pedigree certificateWhile I will stick to common sense responses, I will try to avoid emotional responses. Charges of White guilt commonly crop up, stating that we, the White Man, should not further vandalize and appropriate other cultures. This argument is silly: not all non-Arab dancers are white and none of us personally have committed the oft-cited, sticky-issue Crusading and colonizing. Believing that the White Man should still be paying for past horrors is exactly the same as believing that Germans shouldn’t be forgiven for more recent horrors. No culture or society has clean hands and I reject any notion that we should judge individuals based upon their culture or race. To proclaim that "This is offensive because I feel offended!" ignores that not every person is offended by the same things. Whether something is universally offensive is not a function of your personal immediate response. I might be offended by a screaming child on an airplane, and I will no longer be offended when I find out that the child has an illness causing him or her great pain. Indeed, I will feel ashamed that I was so quick to judge. Feelings and emotions are not necessarily rational. The goal of this article is to end up with a rational answer to the culture question which is applicable to the situation of every dancer.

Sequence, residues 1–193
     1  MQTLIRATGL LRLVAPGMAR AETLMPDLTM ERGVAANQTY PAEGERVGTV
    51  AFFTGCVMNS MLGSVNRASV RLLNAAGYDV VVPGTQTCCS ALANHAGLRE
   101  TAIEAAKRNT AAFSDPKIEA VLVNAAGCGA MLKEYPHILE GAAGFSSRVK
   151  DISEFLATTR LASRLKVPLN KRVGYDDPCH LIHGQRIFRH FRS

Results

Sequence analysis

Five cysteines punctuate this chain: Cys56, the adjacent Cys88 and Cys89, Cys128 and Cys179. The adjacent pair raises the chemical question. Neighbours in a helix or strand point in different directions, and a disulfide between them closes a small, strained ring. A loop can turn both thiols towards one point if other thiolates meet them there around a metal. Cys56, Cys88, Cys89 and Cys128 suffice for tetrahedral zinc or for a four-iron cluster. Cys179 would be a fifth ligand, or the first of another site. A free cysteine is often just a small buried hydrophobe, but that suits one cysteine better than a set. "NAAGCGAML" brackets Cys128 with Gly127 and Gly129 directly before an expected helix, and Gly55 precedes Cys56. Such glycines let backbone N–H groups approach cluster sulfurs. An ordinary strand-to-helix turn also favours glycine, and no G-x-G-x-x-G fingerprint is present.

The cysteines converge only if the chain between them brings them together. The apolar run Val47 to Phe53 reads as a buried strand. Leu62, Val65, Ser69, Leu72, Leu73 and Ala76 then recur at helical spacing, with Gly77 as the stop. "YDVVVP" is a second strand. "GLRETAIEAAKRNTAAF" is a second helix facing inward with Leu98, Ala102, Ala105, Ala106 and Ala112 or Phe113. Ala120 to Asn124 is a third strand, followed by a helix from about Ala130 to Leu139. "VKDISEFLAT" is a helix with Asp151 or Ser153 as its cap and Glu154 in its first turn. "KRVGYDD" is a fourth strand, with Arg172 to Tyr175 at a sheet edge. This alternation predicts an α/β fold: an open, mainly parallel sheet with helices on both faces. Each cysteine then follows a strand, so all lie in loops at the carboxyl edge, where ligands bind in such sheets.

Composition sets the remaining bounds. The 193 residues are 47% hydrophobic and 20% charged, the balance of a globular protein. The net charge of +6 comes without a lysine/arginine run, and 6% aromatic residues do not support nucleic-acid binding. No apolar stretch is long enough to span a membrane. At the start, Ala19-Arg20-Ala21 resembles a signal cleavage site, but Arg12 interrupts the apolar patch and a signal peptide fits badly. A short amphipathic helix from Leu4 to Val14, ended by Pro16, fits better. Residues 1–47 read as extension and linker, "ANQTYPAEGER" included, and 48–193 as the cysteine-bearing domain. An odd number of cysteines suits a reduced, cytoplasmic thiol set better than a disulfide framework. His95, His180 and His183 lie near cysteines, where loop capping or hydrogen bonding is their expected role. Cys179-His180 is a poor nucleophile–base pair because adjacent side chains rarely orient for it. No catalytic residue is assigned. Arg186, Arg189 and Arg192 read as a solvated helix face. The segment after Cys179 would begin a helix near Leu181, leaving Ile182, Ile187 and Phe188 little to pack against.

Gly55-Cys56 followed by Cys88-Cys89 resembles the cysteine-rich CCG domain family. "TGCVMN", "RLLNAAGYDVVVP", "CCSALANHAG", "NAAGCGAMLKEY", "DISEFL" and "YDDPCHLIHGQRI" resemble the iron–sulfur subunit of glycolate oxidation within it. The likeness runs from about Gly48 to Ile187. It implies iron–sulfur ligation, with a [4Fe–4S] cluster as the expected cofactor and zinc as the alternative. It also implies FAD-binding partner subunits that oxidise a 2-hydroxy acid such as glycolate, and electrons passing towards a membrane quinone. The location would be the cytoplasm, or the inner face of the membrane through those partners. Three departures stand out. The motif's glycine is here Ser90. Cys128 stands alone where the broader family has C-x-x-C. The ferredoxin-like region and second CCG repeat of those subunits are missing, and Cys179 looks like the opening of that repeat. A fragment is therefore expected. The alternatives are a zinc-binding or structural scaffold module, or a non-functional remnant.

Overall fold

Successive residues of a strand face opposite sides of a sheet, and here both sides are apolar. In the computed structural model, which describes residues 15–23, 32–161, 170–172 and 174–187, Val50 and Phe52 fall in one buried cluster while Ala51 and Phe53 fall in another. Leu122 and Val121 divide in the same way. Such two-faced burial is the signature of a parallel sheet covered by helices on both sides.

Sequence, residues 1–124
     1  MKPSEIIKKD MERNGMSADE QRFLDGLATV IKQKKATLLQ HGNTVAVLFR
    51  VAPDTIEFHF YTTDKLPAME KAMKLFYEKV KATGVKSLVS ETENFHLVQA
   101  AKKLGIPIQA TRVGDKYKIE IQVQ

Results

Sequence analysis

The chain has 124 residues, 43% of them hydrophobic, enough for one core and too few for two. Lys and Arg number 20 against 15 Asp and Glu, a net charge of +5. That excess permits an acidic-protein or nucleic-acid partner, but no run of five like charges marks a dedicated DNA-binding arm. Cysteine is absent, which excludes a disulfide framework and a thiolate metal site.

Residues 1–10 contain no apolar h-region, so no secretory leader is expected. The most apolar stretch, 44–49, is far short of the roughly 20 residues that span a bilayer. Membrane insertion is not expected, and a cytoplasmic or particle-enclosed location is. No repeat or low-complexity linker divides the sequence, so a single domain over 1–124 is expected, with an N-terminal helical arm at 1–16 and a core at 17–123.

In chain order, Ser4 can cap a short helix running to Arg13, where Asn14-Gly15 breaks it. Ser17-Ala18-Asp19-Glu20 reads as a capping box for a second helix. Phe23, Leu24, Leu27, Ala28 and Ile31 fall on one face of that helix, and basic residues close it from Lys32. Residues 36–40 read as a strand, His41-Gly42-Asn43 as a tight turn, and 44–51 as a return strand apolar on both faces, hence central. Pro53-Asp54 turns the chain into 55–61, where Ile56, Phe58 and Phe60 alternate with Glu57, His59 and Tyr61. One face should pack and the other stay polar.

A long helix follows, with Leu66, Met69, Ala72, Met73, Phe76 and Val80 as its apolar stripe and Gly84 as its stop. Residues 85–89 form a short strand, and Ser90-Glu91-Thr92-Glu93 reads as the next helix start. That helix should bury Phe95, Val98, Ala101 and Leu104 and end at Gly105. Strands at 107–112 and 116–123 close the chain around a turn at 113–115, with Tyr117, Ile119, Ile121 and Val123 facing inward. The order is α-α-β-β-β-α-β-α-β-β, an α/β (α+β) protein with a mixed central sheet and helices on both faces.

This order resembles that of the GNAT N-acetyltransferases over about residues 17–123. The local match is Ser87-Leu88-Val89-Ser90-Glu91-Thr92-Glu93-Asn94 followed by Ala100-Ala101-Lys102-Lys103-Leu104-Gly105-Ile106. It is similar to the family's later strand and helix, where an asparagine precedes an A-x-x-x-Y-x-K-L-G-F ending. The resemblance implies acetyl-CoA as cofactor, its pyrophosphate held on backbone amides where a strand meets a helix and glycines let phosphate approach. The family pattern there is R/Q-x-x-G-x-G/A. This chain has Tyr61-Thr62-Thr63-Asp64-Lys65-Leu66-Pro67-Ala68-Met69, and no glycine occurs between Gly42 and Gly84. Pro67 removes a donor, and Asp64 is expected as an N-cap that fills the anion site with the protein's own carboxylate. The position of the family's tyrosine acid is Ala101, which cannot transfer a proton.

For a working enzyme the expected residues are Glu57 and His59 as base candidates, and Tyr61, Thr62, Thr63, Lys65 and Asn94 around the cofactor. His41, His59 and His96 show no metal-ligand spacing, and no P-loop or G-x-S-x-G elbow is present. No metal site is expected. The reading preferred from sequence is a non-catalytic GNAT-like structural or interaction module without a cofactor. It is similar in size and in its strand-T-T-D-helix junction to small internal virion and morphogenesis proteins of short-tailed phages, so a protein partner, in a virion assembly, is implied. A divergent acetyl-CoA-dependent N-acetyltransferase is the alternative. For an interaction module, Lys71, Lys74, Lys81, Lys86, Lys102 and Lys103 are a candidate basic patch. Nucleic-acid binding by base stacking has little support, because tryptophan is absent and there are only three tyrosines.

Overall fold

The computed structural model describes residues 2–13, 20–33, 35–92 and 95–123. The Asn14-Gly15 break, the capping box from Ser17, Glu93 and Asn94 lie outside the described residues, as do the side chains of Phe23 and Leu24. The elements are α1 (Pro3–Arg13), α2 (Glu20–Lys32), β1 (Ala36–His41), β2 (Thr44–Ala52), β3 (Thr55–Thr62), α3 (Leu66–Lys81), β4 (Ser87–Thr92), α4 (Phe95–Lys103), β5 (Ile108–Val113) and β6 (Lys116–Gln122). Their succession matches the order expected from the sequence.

For the purpose of this article, I shall assume that the question is posited toward a non-Arab belly dancer. The argument is usually as such:

  • Premise 1: Culturally significant or exclusive traditions are only available to those who have grown up in that culture.
  • Premise 2: You can only properly represent and understand the culture if you have grown up in it.
  • Premise 3: Belly dance is a culturally significant or exclusive tradition
  • Conclusion: Therefore, a person is unable to represent or understand belly dance unless they have grown up in the culture to which it is significant.

As you can see, the strength of this argument rests on whether you are willing to accept the first premise. If that premise can be shown to be false, then the conclusion will be false. But I will demonstrate ways to disprove all three premises. You may do well to ask your questioner whether they agree with each basic premise. If they do not, then they should reject the conclusion as well. If they reformat their conclusion then this article should still provide you with enough examples for you to adapt.

Fusion DancerRebuttal to Premise 1: Culturally significant or exclusive traditions are only available to those who have grown up in that culture.